Indonesia: The Heart of Asia’s Most Vibrant Collecting Scene Part #2


Published by Sugar & Cream, Friday 22 July 2016

Text and Images courtesy of Art Stage Jakarta


Alex Tedja is Chairman of the Pakuwon Group and an avid collector who believes art should be accessible to the people. Next month, one of his properties, the Sheraton Grand Jakarta Gandaria City, will host the inaugural edition of Art Stage Jakarta, Indonesia’s first premium art fair of international format, from 5 – 7 August 2016.
I Nyoman Masriadi, 2012, Prepare, acrylic on canvas, 200x300cm (resize 75%).

LR : Alex, you’re one of Indonesia’s leading collectors, with a few hundred pieces in your collection. How did you start? What made you fall in love with art?

AT : I just like it. It’s hard to explain, and there’s no need to complicate it – it’s just a feeling that takes root, and you know. My family didn’t have a part in it, it was mostly a personal passion. I started collecting paintings in the late 80s, mainly Chinese brush strokes because I took a strong liking to it. I was also influenced by friends, like I’ve got a friend in Hong Kong who collects lots of great Chinese brush paintings, and that evolved over time. Slowly, we went into oil paintings, and that’s how I started buying both Chinese and Indonesian oil paintings.

LR : Did your interest in Indonesian oil paintings pick up at the same time as Chinese oil paintings?

AT : They started at almost the same time, around the early nineties. Before that, I had a period of not doing anything, not collecting, because I was just too busy. When I started again, it was oil. Each time, it evolves. Contemporary was not yet popular, it only gained momentum in the early 2000s, so it was mostly Modern art then.

LR : It’s clear that contemporary art today manifested from Modern art, even though they are two completely different worlds. What was your first step as you transitioned from one world to the other?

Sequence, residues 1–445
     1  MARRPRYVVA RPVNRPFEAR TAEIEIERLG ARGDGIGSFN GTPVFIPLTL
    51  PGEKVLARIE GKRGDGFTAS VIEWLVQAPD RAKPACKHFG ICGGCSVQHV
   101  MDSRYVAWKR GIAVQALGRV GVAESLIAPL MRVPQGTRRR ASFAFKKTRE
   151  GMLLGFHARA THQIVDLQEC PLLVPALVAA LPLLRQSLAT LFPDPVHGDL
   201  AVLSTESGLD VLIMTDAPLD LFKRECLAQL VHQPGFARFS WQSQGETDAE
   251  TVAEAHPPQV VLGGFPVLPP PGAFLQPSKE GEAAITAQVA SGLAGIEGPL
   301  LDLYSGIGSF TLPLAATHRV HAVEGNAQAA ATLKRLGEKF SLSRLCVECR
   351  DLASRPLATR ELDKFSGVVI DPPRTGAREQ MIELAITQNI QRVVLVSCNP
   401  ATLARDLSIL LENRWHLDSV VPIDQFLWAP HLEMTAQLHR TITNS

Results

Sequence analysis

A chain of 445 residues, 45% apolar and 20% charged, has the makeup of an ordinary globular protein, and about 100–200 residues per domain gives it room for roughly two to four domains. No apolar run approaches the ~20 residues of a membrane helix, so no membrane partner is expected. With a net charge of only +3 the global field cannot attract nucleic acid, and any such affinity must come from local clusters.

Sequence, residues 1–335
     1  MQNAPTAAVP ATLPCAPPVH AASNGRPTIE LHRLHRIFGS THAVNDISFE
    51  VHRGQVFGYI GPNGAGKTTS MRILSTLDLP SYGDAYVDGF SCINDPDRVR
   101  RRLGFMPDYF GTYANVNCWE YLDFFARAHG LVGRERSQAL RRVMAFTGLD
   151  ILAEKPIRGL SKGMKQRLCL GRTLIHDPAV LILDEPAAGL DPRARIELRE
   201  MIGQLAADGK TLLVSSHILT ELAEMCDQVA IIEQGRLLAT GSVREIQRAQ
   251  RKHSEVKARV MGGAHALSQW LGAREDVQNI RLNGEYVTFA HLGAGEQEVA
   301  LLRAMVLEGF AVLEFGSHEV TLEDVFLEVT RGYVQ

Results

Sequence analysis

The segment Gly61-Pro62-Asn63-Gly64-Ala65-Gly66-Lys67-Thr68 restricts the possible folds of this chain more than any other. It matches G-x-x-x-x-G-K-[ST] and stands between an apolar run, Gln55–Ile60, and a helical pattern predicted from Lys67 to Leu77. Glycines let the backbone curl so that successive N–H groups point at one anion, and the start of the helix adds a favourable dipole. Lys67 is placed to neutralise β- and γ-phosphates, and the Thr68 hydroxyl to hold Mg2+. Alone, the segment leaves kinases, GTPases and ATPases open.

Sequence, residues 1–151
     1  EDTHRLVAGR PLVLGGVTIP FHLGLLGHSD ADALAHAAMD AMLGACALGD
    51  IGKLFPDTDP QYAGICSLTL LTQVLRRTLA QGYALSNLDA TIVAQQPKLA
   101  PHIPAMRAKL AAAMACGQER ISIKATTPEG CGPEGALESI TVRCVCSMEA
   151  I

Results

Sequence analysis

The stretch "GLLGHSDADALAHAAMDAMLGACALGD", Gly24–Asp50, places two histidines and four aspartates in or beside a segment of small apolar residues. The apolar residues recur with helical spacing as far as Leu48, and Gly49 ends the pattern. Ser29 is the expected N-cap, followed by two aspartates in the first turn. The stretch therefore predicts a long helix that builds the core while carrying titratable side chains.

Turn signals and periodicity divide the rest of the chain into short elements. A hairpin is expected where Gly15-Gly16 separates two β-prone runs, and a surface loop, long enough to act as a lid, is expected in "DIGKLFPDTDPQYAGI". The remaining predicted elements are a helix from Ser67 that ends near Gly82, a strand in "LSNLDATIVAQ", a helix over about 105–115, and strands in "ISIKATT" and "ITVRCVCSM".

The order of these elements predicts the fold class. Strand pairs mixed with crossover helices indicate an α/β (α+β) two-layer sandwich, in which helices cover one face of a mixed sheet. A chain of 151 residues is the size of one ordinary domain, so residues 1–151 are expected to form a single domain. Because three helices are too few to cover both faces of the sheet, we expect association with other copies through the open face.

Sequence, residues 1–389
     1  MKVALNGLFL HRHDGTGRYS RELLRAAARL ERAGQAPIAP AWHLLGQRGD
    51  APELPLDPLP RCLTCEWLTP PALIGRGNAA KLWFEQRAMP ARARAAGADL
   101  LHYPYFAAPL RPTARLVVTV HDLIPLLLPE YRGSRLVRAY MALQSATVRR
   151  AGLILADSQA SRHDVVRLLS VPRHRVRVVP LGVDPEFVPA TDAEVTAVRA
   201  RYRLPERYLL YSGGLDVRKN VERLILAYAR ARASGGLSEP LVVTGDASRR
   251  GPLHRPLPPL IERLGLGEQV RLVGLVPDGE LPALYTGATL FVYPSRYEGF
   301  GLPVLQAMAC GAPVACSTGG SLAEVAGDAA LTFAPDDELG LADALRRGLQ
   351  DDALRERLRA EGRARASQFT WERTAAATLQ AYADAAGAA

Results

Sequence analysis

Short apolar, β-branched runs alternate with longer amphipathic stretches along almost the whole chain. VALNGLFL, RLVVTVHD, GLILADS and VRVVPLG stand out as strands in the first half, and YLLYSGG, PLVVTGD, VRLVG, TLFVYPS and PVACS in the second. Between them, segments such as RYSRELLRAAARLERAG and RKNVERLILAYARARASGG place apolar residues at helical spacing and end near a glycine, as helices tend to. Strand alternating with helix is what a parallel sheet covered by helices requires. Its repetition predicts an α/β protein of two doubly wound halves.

AT : I didn’t have an interest in contemporary art specifically, I just know what I like when I look at art. It’s quite personal. Some people say it’s a good investment, but I don’t think about whether the price will go up, it’s not my main concern. I mean, obviously it’s good if it rises in value, but that’s not a key factor that drives me to buy.

LR : You started collecting art in the nineties – it must be a real passion today if you have amassed a few hundred pieces after 25 years. Do you collect with a special direction in mind? After China, is your focus mainly on Indonesia, your country’s own artists?

AT : I’ve actually slowed down a lot on Chinese paintings in the last five years, because the price has gone up to unreasonable levels. So I concentrate more on Indonesian art, because it’s my country, my culture. I also buy a little bit of Southeast Asian. As a collector, I’m glad that so many Indonesian artists are gaining recognition overseas. Some of them are even represented by international galleries in the UK, USA, Taiwan, Korea, Japan. You can now see them in large cosmopolitan cities like New York.5
Jean – Michel Othoniel artwork seen inside the Grand Sheraton Jakarta’s lobby. Coutesy of 

LR : Is there an artist in Indonesia that you feel particularly connected to?

AT : Not to the artist personally, but in terms of work, I do quite like Masriadi actually. His work is infused with a unique character, and most of his paintings have subtle messages. He’s someone that’s really found his own way of expression.